Sandy Springs Pilot Flew Homeless Animals to Safety during Hurricane Irma

Stuart Kenney’s work as a Delta Airlines pilot usually finds him flying paying passengers to London, Central and South America, or Los Angeles.  But when Hurricane Irma threatened the lives of homeless cats on coastal Georgia, the Sandy Springs resident stepped up to fly a different kind of mission for Furkids Animal Rescue and Shelters, (FurKids.org) on his own time, for four-legged passengers whose time was running out. Furkids operates one of the largest animal rescue and shelter organizations in the Southeast, saving homeless cats and dogs, providing medical care and love, and matching them with loving families.

As Irma pounded toward the Georgia coast, Furkids realized that homeless animals in the coastal cities such as Savannah were in trouble.  While people were fleeing the cities, homeless animals in shelters had nowhere to go. The shelter caregivers were distraught, knowing they’d be forced to euthanize the animals in their care rather than leaving them to be trapped, drowned or killed by surging waters and hurricane-force winds.  Furkids put out urgent calls for volunteer pilots and drivers to rescue these cats and move them to safety in Atlanta.  Stuart Kenney is one who answered.

“It was my day off, the weather was still beautiful, and I was ready to help,” Kenney says.  On September 11, Kenney climbed into his personal Cessna 182 in Atlanta and flew to Statesboro, Ga., where he picked up 34 homeless cats from the Savannah area.  Volunteers had driven the animals to Statesboro, where it was quicker for a small plane to land and take off than at a larger airport such as Savannah or Brunswick.  Kenney initially thought he was picking up 22 cats, but when he landed at the strip in Statesboro, he found volunteers with 34 cat cages.

“I wasn’t sure we could fit all of them in the plane,” Kenney says.  “But I knew the cats who were left behind would be euthanized, so we found a way to stack them like dominoes and make room for every one.”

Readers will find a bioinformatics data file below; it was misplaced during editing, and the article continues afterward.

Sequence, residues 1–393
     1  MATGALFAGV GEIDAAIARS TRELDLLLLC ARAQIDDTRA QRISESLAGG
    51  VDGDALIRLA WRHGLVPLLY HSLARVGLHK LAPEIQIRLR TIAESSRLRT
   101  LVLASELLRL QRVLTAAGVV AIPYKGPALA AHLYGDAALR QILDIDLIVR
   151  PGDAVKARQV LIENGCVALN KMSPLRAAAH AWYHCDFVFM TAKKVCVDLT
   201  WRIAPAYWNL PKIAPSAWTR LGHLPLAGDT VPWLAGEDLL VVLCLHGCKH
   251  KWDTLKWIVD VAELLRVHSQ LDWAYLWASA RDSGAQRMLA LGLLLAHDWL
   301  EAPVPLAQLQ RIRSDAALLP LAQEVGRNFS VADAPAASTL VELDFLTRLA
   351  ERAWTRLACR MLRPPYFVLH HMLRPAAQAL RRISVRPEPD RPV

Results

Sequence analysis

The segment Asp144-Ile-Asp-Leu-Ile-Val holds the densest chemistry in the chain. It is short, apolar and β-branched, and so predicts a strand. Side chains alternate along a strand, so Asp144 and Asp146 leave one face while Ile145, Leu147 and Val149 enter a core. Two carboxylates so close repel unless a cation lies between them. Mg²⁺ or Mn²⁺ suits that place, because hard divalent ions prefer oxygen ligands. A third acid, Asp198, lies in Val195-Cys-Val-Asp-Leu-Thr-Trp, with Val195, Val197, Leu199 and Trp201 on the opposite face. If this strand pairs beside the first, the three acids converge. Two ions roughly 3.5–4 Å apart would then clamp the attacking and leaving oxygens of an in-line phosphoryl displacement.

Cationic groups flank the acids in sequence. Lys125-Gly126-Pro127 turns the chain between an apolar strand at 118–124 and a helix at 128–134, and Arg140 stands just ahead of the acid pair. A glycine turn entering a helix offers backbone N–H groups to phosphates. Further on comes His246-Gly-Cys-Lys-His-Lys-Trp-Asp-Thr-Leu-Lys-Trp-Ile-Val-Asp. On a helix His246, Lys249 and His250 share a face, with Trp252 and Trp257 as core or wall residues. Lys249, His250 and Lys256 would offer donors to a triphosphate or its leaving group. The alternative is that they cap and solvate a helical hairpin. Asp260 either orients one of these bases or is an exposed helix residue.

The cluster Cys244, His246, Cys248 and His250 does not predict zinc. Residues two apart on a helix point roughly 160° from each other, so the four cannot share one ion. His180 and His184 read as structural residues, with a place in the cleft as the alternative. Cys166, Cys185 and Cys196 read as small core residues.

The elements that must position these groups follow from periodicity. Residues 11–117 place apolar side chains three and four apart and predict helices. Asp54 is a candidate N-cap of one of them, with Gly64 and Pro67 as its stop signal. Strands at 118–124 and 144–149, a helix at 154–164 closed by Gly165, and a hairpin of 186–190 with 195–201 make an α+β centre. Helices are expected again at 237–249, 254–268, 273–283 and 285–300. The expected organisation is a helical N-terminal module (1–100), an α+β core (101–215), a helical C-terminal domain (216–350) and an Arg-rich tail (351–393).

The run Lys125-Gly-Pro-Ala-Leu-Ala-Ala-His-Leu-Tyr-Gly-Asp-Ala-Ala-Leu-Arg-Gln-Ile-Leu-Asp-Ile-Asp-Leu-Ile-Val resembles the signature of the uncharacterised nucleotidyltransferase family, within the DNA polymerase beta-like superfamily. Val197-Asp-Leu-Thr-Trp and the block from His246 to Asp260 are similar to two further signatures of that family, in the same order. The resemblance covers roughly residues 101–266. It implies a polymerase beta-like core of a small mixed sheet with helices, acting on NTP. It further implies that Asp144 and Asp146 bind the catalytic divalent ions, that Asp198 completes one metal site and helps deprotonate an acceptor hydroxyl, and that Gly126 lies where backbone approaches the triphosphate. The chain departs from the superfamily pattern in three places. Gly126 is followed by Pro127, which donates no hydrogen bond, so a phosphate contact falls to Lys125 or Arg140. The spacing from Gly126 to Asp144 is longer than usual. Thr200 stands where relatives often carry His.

During the flight, one of the cats escaped from its carrier and made its way to the cockpit, where it stood on the window ledge at Kenney’s left shoulder.  “I really didn’t want to move the cat, not knowing its temperament.  But when I needed to reach the controls, I had no choice,” he recalls.  “With a little bit of nervousness, I lifted the cat and sat him in the co-pilot seat.  He stayed there calmly through the rest of the flight.”

Kenney’s volunteer efforts, combined with two other volunteer pilots and a van driver, helped Furkids save the lives of 120 cats who likely would be dead today.  It was his first volunteer flight since he bought his plane a year ago.

Furkids took in animals from Effingham Animal Control, Okefenokee Humane Society, Long County Animal Control,  Animal Refuge Foundation of Wayne County,  Liberty County Animal Control and  Fort Stewart Military Animal Control. Some of the volunteers faced danger themselves as the storm approached, yet they all put animals first.

“Furkids is so grateful to Stuart Kenney and all of the volunteers and staff who took part in this massive rescue.  This rescue of 120 cats and dogs was heroic by any standards, and many of the animal control staff members or volunteers in danger zones rarely see rescue organizations coming to save their animals,” says Furkids CEO Samantha Shelton. “It took many dozens of brave people in the hurricane zones and Atlanta to see these animals through to safety.”  It brought such great joy and hope to so many volunteers and shelter workers to see rescuers taking endangered animals to good homes in Atlanta.”

Cat Shelter: 2650 Pleasantdale Road, Atlanta

Dog Shelter: 1520 Union Hill Road: Alpharetta

Give or adopt at FurKids.org